As Jeep celebrates its 70th anniversary, Hils expresses her relief that there is something to celebrate, as a year ago, the iconic American brand looked under threat
We have been enjoying a busy period for milestones over the last few years. In 2008 we marked the 60th anniversary for Land Rover, and the following year saw the arrival of the new Discovery 4 during the model’s 20th anniversary; this year is Ford’s 100th birthday and there is the no small matter of the 60th anniversary of Toyota’s Land Cruiser in 2011 also.
All these manufacturers are massive players in the automotive market, with Land Rover and Toyota particularly in the minds of us in the 4×4 world. But the most significant milestone to celebrate for me is the 70th birthday of Jeep, which we are highlighting in the magazine this month.
It was, after all, Jeep which started the whole business of four-wheel drive vehicles with the Willys Jeep back in 1941. The original Series 1 Land Rover was conceived from the idea of the Jeep, and, 70 years on, we have a line-up that still pays homage to the American manufacturer’s true off-roading heritage, as well as maintaining the 21st Century need for comfort, refinement, exceptional diesel power and those all-important environmental credentials.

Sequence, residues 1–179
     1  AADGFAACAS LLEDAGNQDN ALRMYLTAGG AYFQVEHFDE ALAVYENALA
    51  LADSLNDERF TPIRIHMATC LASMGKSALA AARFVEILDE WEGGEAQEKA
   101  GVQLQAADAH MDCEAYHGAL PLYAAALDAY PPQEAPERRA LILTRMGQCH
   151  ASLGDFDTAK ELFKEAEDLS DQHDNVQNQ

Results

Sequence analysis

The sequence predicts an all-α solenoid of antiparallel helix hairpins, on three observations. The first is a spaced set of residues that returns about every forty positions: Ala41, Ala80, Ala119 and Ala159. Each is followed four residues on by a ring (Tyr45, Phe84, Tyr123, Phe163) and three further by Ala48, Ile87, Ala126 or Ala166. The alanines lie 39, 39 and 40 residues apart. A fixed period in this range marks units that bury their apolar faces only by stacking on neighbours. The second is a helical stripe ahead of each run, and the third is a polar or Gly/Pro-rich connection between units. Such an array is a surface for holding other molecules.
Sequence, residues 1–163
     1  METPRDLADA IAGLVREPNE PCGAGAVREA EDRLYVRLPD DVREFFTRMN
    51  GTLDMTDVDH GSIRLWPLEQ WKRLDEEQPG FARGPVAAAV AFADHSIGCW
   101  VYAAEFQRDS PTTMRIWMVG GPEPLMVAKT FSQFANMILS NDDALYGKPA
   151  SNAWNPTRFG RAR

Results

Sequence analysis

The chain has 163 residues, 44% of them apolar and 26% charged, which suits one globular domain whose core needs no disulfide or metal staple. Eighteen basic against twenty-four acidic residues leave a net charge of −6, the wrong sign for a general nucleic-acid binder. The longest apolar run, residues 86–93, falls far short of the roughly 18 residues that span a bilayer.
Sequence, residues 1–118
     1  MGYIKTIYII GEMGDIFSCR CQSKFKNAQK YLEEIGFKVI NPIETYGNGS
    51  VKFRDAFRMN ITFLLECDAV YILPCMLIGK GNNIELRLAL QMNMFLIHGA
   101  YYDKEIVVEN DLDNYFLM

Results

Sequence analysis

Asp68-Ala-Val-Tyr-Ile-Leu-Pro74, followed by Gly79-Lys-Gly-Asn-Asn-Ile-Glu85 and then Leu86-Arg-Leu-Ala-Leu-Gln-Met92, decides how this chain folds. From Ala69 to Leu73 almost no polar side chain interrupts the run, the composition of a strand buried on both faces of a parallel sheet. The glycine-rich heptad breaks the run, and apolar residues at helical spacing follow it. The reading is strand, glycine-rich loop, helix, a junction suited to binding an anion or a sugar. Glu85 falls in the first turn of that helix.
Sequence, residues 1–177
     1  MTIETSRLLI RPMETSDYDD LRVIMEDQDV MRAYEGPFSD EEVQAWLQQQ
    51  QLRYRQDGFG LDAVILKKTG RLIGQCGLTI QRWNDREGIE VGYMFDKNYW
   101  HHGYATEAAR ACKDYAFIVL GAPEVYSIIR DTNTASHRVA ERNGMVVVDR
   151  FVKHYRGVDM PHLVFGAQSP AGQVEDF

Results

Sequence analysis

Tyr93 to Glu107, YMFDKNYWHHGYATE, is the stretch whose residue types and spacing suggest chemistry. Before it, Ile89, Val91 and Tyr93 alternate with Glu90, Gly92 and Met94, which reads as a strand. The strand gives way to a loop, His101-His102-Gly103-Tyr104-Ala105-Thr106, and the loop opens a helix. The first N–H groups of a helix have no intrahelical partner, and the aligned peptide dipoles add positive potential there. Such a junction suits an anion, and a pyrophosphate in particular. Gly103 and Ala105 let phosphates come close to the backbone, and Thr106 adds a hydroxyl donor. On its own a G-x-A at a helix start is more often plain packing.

This month Hils has been driving some rather different Merdeces-Benz 4x4s. Both awesome in their own right but at different ends of the scale
Last month I was lucky enough to take the wheel of a Monster truck and a couple of 4×4 rally cars which was an awesome experience. More recently, I have found myself behind the wheel, for the first time, of two iconic Mercedes-Benz models on the Milbrook Proving Ground’s off-road course. I was doing this as part of the Society Of Motor Manufacturers and Traders (SMMT) press day where all the manufacturers bring along their vehicles and give us press bods the chance to drive what we like.
Overall, the sad thing was that very few 4x4s were present. I drove the Amarok pick-up again off-road and a new Jeep Wrangler, which was excellent as always with its revamped more ‘luxury’ interior, but that was it, until I sauntered over to the Mercedes-Benz stand where I clocked a superb, huge Unimog U4000 Fire Engine and a lesser-spotted new G-Wagen… oops, sorry… ‘G-Class’ as we must call it now.
Over the course of the last month, Hils got the opportunity to drive some rather different vehicles that illustrated one extreme of 4WD to another